From free metal doom to sweet acoustic songs, Marco Serrato’s bass is versatile and restless. I first heard his playing on one of my favourite releases of the year so far, Raw Tonk’s “Spain is the Place”. That led me to Orthodox (his duo with drummer Borja Díaz) and Sputnik Trio (Orthodox plus Ricardo Tejero on sax) and Hidden Forces Trio (Serrato and Díaz once again, plus Gustavo Domínguez on reeds) – a journey of exploration and evolution.


© Beatriz Carmona
© Beatriz Carmona

1. What was your first musical instrument, and what did it mean to you?
There was a spanish guitar at home and some little Casio keyboard, but I couldn´t make anything with them. When I was 12 or 13 years old I wanted to be a drummer so my parents bought me a small Yamaha electric rhythm machine because I was a good student, but it was more like a toy and I couldn´t make anything with it. So when I got to be about 14, I was a good student still, they bought me an electric bass and finally I could do a lot with that! It wasn’t a good idea though, because I stopped being a good student forever.

2. What was the first music you ever bought, and the most recent?
The first thing I bought with my money was Helloween’s “Keeper of the Seven Keys Part II” on cassette. They were very popular in Europe when I turned onto metal at the end of the 80s.

The most recent was Dio’s “Sacred Heart”, who was alos very popular when I was into metal at the end of the 80s, hahaha! I never had the cd and saw it a very nice price!

3. What’s the balance of preparation vs. improvisation for the average live set or recording?
It depends a lot. In Orthodox, for example, we play written stuff. We have some spaces for some improvisation but everything is closed so we have to rehearse enough to get everything right. Then we have the free improvisation projects, for those it’s good to play alone a lot and work your sound and everything you can do with your instrument. If you can´t make it alone, you won´t be able to make it on stage with other people, Agustí Fernández taught me that. In the middle we have Hidden Forces Trio, where we play written parts and totally improvised parts. So there’s always preparation, because even if you’re going to improvise you must practice your instrument a lot and your relationship with others.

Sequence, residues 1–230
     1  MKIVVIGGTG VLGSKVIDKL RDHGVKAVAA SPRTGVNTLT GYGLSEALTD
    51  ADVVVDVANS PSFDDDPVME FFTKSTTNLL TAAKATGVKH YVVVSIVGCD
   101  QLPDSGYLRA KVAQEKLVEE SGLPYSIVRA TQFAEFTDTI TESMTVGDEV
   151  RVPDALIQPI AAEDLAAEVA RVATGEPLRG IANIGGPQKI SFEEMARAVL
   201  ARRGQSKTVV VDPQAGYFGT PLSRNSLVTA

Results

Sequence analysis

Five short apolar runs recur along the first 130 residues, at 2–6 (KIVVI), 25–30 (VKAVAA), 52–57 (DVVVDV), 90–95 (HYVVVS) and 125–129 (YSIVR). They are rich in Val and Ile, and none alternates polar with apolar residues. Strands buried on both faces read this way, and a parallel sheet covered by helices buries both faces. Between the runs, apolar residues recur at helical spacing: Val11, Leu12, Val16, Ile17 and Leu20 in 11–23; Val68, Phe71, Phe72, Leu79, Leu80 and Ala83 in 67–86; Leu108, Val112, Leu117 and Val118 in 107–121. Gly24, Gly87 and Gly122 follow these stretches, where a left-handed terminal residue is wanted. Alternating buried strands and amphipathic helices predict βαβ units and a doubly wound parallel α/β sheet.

4. Name one person with whom you feel you have a telepathic playing relationship, and why.
Borja Díaz, we’ve played together for 12 years in many different projects and situations and know each other really well.

5. What (if any) superstitions or rituals do you have? (around performance, recording, everyday life?)
Nothing, sorry.

6. Where do you stand on the streaming/downloading/file-sharing/musicians-not-getting-paid-for-their-music debate?
Just in the middle of nowhere… at some point I miss the days where you had to work hard to get some stuff, and when you finally got it, it was something sacred you listened to time and time again. This was the music that fed you, all those albums you listened to thousand of times. Now you just say “ok, nice… next one!” and it’s a shame. Everything gets old too fast. On the other hand, record companies don´t waste their money on new musicians any more, taking no risks at all. The underground dissapeared, it’s missing among the internet waves. So we have just a few big names, a big cloud of names without faces and nothing in the middle. In the old days there were more big names, a more healthy underground and a lot in the middle. But, as Julian Cope said, “NOW is the fucking moment,” so stop complaining!

7. If money and time were no object, what would your next project be?
The same stuff I’ve been doing all these years, but with better instruments, better gear, more time in the studio and more professional technicians around at every gig.

Check out Marco’s bass playing on the following recordings:

spain-is-the-place orthodox sputnik-trio el-capitan

(Title photo © Sergio Martin)

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